A recent Newsweek profile of WT Vollmann
November 8, 2013 12:52 PM   Subscribe

"A curious boy, never too close, never disturbing them, / Cautiously peering, absorbing, translating."

This brief piece provides a survey of Vollmann's oeuvre, of his controversial beliefs and practices, and the assessment (in one professor's words) that "he is good, scary good, possibly the greatest living American writer, and I mean this with no hyperbole."
posted by mr. digits (22 comments total) 17 users marked this as a favorite
Somebody suggest a good book of his for starters. I'm not concerned with accessibility, just one that is crucial.
posted by ChuckRamone at 1:41 PM on November 8, 2013 [1 favorite]

The Rainbow Stories is a pretty good jumping on point, and the individual pieces therein are short enough that you can decide whether or not you have any interest in reading more of him.
posted by infinitywaltz at 1:51 PM on November 8, 2013 [1 favorite]

For fiction, I'd recommend starting with You Bright and Risen Angels or The Royal Family. For nonfiction, I really enjoyed Riding Toward Everywhere and Poor People.
posted by mattbucher at 1:54 PM on November 8, 2013 [1 favorite]

Personally, I'd recommend The Rifles -- Of the Seven Dreams series, it's the book I found most deeply involving, and the first ten pages or so should be enough to let you know if you want to keep reading Vollmann.
posted by newmoistness at 2:10 PM on November 8, 2013

I saw him give a reading a long time ago, from You Bright and Risen Angels possibly. It was gripping and I have followed his writing ever since. Like the article says, though, a lot of his longer works could use some serious cutting. His writing is superb, but it's like he can't bear to throw out a single sentence, and sometimes the whole of it suffers for keeping all of the parts.

The Harper's article mentioned in this piece about his FBI surveillance is also definitely worth reading.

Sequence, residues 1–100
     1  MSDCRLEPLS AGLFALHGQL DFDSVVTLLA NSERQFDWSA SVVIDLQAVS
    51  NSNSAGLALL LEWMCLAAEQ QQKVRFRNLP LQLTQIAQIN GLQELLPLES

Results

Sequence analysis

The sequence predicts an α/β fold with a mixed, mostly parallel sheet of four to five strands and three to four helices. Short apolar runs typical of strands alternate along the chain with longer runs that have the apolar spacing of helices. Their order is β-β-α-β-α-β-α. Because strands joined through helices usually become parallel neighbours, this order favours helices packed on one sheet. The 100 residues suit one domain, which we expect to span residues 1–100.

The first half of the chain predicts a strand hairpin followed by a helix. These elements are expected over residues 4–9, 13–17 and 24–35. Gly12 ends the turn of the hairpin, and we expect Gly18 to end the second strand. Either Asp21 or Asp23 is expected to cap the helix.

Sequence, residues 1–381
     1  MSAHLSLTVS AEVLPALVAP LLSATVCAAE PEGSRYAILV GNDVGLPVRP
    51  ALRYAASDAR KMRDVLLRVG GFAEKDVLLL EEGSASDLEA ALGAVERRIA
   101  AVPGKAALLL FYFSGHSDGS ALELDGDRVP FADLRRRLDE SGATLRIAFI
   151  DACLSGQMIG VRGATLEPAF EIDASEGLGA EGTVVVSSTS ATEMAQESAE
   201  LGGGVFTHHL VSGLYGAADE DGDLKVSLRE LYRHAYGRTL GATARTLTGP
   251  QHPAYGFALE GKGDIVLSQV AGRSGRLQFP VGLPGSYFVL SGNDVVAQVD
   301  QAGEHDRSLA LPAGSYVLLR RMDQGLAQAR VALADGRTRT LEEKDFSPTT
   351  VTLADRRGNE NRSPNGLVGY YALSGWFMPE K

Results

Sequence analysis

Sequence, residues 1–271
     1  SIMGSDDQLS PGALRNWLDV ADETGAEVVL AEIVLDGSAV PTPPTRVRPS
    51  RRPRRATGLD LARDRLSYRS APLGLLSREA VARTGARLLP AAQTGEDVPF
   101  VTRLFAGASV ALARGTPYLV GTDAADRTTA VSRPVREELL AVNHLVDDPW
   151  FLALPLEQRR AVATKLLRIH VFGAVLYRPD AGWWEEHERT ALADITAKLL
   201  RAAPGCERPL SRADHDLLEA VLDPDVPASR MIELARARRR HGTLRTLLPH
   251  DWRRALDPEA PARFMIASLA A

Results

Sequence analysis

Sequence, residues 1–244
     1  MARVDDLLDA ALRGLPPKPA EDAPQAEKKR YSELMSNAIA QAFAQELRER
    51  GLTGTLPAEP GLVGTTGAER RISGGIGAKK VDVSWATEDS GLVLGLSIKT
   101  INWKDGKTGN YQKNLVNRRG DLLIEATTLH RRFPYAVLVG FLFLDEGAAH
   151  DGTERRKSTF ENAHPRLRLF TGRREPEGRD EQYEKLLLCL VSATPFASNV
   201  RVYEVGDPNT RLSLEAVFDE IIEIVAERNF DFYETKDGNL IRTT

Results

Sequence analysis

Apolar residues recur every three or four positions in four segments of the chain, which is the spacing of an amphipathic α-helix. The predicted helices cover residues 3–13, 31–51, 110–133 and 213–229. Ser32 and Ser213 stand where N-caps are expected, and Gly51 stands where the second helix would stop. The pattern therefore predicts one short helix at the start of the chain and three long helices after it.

posted by Dip Flash at 2:49 PM on November 8, 2013 [1 favorite]

Vollmann will never win the Nobel. Maybe in his lifetime there will be another 30 Nobel's handed out. Of those maybe 20 to novelists. Of those maybe 2 to an American (at current anemic rates). Vollmann is not that high on American literature, though who knows, they gave it to John Steinbeck and Pearl S. Buck.
posted by stbalbach at 2:49 PM on November 8, 2013

What they recommended. Plus, Whores for Gloria and Butterfly Stories for his prostitution prose. He's a tremendously prolific, tremendously difficult and tremendously complicated writer who deserves a Nobel, but will probably never get it. Also, I saw him read once and for some reason (shaggy hair and oversize glasses, I imagine) was mistaken for him by one of the bookstore staff. When he signed my book after, he also drew a sort of picture of me above his signature.
posted by old_growler at 3:11 PM on November 8, 2013

Interesting to note that the same author published a piece in Salon, Why American novelists don't deserve the Nobel Prize, only two years ago. It's true that Vollmann can hardly be described as insular, however, which after a brief perusal appears to be the cornerstone of his assertion.
posted by mr. digits at 3:36 PM on November 8, 2013 [1 favorite]

Riding Toward Everywhere reads like Jack Kerouac and John McPhee had a lovechild on an outbound train.
I am currently reading The Ice-Shirt, it's excellent, but not necessarily for the uninitiated.
thanks for the post.
posted by OHenryPacey at 3:52 PM on November 8, 2013

Seven Dreams "grandly revises American and North American history and economics. The revision, which takes the breadth of the continent for its inspiration, reminds us of the smallness, and the pettiness, of the national venture that began in 1776. It's a salutary reminder."

sounds intriguing! (i haven't been able to get thru the baroque cycle yet tho ;)
posted by kliuless at 4:39 PM on November 8, 2013

I recommend the single-volume edition of Rising Up and Rising Down. Remarkable. Vollmann is a national treasure and absolutely deserves to be placed at the top of living American writers. I mean, Franzen? Eggers? Oof.
posted by Joseph Gurl at 4:41 PM on November 8, 2013

Argall is ridiculously good and horrifyingly sad once you get past its weird period style, which sadly sunk it for most people.
posted by monocyte at 4:53 PM on November 8, 2013

Me three Argall. The "weird period style" only affects the sections about the weird period; it's awesome.

Dull fisclosure: favorite author, late childhood acquaintance. His dad was a colleague of my dad. Read everything, have most of it still.